Stereotactic radiosurgery is another type of radiation therapy that may be recommended for rare types of craniopharyngiomas that do not touch the optic nerves, which carry visual information from your eyes to your brain. It involves simultaneously focusing multiple high energy beams on the remaining tumor cells to destroy them precisely within the targeted region. The name of this technique is slightly misleading because the procedure does not involve actual surgery. The inclusion of “surgery” in its name simply conveys the precise targeting ability of this type of radiation therapy.
Proton beam therapy is another mode of radiation therapy that can target the tumor accurately while minimizing the risk to the surrounding normal tissues.
Chemotherapy involves using medications to destroy or prevent the growth of the tumor. It may be recommended in cases when surgery and radiotherapy are not possible or successful, though there is limited evidence supporting the efficacy of its use.
Targeted therapy may be attempted for patients with papillary craniopharyngioma with the BRAF gene mutation. Medications that selectively inhibit the BRAF protein have demonstrated some benefit in reducing tumor size in small studies, though larger studies are needed to determine if the benefits outweigh the risk of possible adverse effects.
Is Craniopharyngioma Preventable?
Craniopharyngiomas are sporadic tumors, meaning that their causes and risk factors are unknown. To this end, researchers cannot recommend ways to prevent this condition. Fortunately, this type of tumor is rare, especially among adults.
How Can a Craniopharyngioma Affect Your Quality of Life?
A large and expanding craniopharyngioma can compress or invade nearby structures such as the pituitary gland, hypothalamus, arteries, and nerves of vision (optic nerves). The pituitary gland and hypothalamus are critical structures involved in hormone production and release, which control numerous bodily processes. Dysfunction of these structures can lead to a wide variety of symptoms ranging from stunted growth in children to morbid obesity.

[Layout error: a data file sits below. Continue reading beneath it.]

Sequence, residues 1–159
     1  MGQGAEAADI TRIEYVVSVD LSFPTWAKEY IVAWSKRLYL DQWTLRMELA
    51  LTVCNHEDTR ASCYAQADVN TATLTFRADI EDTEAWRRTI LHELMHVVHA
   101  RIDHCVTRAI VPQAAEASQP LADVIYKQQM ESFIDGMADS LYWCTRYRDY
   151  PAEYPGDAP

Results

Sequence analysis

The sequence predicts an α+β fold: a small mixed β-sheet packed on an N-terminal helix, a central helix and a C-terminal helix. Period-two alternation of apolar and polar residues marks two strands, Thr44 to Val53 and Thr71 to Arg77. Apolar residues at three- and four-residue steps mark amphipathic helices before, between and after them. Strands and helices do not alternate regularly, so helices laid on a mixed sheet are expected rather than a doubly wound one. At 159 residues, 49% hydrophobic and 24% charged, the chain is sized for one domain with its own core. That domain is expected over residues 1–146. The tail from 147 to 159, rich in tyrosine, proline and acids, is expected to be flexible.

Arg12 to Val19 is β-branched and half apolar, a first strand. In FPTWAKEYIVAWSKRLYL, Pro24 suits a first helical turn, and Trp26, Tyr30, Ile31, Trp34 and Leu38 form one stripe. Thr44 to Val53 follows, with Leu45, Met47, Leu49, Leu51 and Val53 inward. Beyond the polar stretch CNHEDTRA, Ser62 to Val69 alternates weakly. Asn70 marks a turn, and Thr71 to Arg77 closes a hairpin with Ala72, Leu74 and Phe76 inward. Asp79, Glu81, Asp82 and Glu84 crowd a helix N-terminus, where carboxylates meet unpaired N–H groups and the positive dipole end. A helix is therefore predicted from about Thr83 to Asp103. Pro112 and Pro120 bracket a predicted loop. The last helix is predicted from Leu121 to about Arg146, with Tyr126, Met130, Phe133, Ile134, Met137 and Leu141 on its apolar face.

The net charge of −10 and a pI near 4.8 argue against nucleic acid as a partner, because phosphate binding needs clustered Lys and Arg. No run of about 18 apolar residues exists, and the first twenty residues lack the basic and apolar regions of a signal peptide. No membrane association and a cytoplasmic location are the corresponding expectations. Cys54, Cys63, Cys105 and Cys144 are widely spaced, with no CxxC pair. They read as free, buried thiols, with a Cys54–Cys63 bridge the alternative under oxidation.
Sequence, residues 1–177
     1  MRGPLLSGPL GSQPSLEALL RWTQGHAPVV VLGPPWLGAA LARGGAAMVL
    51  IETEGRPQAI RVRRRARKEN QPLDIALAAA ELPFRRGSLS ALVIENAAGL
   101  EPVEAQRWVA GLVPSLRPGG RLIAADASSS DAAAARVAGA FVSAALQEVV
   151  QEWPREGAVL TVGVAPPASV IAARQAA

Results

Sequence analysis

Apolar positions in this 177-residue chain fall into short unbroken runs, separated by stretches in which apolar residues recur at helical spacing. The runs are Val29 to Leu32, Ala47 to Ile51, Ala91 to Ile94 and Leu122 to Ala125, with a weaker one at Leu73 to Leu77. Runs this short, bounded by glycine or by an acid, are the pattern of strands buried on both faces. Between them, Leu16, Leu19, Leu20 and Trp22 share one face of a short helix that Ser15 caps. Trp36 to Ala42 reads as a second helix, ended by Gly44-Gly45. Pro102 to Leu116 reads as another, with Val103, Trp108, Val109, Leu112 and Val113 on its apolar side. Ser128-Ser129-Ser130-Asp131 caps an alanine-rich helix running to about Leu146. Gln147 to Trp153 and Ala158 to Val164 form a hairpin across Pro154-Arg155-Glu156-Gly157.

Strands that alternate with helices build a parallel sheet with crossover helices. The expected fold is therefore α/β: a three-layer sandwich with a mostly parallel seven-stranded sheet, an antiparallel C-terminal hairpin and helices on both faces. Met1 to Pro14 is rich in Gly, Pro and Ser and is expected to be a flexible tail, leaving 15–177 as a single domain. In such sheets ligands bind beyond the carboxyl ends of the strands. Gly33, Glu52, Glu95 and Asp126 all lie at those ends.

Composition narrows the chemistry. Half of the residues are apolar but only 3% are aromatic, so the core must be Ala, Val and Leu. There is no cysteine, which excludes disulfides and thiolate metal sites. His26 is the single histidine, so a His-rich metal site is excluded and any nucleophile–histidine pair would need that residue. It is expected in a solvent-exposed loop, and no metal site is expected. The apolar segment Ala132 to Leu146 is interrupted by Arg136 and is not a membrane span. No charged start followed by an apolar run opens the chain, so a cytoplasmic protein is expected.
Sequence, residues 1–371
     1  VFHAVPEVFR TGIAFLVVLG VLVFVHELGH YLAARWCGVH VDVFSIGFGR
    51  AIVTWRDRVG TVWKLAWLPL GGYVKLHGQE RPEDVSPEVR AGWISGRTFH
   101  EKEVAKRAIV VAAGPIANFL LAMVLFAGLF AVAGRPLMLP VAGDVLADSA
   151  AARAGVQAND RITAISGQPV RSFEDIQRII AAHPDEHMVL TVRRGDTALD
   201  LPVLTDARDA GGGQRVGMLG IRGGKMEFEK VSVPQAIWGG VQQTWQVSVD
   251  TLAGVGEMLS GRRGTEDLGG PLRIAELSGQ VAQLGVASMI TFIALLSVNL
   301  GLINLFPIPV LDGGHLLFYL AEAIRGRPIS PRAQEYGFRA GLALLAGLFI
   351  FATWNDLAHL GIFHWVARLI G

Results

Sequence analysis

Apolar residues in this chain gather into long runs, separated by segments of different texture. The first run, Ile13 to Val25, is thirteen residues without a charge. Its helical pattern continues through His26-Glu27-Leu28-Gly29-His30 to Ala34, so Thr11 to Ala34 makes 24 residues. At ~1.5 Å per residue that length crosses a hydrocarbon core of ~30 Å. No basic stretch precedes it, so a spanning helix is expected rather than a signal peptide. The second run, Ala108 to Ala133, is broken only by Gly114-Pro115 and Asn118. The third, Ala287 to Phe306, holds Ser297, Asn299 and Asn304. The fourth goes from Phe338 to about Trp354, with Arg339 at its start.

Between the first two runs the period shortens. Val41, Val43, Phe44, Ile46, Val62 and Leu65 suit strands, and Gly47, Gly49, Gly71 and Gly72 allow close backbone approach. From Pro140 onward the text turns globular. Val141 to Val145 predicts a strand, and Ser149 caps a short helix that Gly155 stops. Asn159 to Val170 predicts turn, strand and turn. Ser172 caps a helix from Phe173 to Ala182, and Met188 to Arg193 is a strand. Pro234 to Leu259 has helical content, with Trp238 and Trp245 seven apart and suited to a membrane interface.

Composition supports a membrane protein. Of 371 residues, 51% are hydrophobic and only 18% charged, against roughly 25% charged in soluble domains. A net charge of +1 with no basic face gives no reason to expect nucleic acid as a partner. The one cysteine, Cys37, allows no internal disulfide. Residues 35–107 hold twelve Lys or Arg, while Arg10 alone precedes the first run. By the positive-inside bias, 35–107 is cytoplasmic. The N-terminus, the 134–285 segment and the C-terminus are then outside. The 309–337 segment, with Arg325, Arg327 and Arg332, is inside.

Unfortunately, craniopharyngiomas tend to recur in 20% to 40% of patients. Repeated treatments with surgery, radiation, or a combination of the above may increase the likelihood of sustaining complications and compromising quality and length of life. Lifelong hormone supplementation may cause inconvenience and financial stress.
On a positive note, overall survival among patients with craniopharyngioma is relatively high with 66% to 85% of patients surviving at 20 years. Several studies report that patients with craniopharyngiomas have shorter lifespans than the general population, though the exact extent to which this is true may depend on the presence of other medical conditions.
Craniopharyngiomas are a rare type of brain tumor that primarily affect children and older adults. Fortunately, this tumor is non-cancerous and has a high survival rate. Nevertheless, its continued growth and recurrence can cause complications that affect the patient’s overall quality of life. The risks and benefits of treatment should be discussed with a team experienced with treating this rare condition.